Lapsteel player Mike Neer‘s previous album was a reinvention of Thelonious Monk classics. His latest album Keepin’ It Real – streaming at Bandcamp – is an absolutely brilliant, occasionally unsettling mix of material imaginatively arranged for what Neer calls a “faux Hawaiian trio” of steel, bass and ukulele, all of which he plays himself. Recorded during the lockdown, it also features cameos from an allstar cast.
It wouldn’t be overhype to compare the opening number, Duke Ellington’s African Flower, to Big Lazy. Neer’s steady ukulele in the beginning is a red herring: his ominously chromatic steel lead follows a swinging quasi-bolero beat. It brings to mind a certain Brooklyn psychedelic cumbia band’s take on Erik Satie.
Nica’s Dream, a Horace Silver tune, shifts from hints of bossa nova to a jaunty swing, then clouds pass through the sonic picture, guest vibraphonist Tom Beckham adding a steady, latin-tinged solo over Neer’s uke flurries before he hits a deviously Monk-inflected steel solo.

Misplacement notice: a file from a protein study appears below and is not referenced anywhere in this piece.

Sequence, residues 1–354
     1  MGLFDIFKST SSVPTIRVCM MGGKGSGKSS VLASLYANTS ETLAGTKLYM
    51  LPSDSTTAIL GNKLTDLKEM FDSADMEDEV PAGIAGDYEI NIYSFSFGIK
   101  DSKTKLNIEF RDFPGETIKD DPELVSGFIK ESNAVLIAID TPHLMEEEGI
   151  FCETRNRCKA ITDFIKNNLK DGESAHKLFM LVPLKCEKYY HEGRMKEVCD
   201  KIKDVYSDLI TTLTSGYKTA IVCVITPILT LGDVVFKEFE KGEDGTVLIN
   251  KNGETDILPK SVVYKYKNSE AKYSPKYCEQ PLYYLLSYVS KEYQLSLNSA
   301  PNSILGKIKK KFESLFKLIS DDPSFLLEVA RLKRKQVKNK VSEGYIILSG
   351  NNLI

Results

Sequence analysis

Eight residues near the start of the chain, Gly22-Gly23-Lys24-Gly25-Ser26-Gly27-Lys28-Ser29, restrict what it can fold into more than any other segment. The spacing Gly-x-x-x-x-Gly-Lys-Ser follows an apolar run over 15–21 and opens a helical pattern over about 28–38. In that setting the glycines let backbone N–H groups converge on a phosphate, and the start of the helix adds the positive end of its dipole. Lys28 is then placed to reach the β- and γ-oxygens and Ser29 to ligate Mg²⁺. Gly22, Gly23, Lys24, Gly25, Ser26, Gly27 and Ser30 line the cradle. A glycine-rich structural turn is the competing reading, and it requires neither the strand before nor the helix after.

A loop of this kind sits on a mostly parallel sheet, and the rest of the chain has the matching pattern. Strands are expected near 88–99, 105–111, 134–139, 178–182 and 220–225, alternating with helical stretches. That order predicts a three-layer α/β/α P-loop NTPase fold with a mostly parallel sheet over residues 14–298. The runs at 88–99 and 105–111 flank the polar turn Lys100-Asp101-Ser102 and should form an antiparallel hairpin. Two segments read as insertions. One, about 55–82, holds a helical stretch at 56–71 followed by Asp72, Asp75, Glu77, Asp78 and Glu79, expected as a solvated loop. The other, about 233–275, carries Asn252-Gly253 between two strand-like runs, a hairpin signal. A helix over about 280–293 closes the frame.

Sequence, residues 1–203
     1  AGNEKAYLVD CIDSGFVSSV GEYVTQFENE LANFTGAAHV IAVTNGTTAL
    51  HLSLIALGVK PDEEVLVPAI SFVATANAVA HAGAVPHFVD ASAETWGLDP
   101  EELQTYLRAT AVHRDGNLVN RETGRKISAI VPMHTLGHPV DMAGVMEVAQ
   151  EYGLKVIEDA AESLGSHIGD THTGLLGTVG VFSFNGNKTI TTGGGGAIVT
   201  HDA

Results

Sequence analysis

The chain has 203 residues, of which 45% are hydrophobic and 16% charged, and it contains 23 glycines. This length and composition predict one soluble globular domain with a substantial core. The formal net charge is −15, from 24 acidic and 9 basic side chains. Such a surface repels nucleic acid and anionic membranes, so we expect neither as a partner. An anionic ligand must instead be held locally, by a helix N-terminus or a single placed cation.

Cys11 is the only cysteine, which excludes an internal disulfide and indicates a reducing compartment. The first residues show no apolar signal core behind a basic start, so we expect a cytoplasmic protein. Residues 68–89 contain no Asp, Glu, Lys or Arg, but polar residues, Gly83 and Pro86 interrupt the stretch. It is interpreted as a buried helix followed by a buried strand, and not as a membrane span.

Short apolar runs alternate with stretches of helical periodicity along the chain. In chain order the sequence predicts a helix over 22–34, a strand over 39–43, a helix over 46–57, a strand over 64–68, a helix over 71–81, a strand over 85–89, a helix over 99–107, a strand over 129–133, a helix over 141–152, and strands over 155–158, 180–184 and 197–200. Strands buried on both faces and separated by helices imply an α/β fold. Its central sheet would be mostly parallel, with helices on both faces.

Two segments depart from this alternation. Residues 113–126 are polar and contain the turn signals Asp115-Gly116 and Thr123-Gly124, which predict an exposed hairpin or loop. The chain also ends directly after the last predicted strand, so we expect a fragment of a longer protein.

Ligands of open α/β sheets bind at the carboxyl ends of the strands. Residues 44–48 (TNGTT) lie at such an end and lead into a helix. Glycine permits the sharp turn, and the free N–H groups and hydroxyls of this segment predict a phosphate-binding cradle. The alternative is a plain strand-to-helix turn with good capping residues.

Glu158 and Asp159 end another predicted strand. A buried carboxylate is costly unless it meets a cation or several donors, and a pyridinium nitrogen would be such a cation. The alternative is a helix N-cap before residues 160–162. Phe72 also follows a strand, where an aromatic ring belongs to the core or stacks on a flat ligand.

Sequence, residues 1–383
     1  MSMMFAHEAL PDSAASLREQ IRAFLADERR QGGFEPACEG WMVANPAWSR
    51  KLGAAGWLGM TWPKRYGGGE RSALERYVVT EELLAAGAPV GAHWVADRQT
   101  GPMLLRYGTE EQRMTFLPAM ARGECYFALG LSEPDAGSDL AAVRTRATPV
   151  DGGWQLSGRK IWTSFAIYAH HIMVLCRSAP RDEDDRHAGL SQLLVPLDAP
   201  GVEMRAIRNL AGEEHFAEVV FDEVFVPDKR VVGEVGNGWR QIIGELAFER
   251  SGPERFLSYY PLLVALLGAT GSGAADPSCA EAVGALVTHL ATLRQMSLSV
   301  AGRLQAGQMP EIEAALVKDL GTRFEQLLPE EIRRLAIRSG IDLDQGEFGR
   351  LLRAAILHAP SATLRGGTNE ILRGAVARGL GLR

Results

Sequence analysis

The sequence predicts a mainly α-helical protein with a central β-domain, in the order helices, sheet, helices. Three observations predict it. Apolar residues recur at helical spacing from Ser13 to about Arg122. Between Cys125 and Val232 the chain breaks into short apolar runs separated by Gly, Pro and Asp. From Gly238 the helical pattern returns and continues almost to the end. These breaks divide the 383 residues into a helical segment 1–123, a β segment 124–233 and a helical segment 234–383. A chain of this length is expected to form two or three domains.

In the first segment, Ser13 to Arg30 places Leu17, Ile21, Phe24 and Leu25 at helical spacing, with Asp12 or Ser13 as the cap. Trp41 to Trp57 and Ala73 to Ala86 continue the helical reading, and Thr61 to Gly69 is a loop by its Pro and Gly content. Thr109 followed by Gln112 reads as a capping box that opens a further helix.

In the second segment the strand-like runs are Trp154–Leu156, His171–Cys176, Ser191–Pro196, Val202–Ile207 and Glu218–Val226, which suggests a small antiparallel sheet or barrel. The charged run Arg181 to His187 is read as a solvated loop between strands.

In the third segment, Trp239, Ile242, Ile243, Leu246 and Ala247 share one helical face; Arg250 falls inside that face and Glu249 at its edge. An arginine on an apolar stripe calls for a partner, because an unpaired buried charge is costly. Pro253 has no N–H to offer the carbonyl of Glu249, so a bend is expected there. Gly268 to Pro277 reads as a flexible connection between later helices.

Neer’s take of McCoy Tyner’s Passion Dance – has a jaunty, bubbling, riff-driven cheer and a series of dazzling, rapidfire Beckham solos. Melodica player Matt King adds a layer floating over Neer’s steel in their amiably pulsing bossa take of Pensativa.
An aptly furtive, stalking take of Stolen Moments features Anton Denner taking tensely bluesy flight on alto flute. West Coast Blues comes across as what could have been a Bob Wills demo, Neer contributing both a terse bass solo and a romping, irrepressible bop steel solo.
Will Bernard guests sparely, incisively, and subtly ferociously on guitar in the allusively modal, vamping Witch Hunt. Accordionist Ron Oswanski kicks off Peace with a lush intro, Neer adding warmly, sparely pastoral melody over a slow, trip-hop-like sway
Fun fact: before Neer became New York’s foremost jazz lapsteel player, he did some time as lead instrumentalist with Hawaiian swing stars the Moonlighters, an influence that obviously stuck.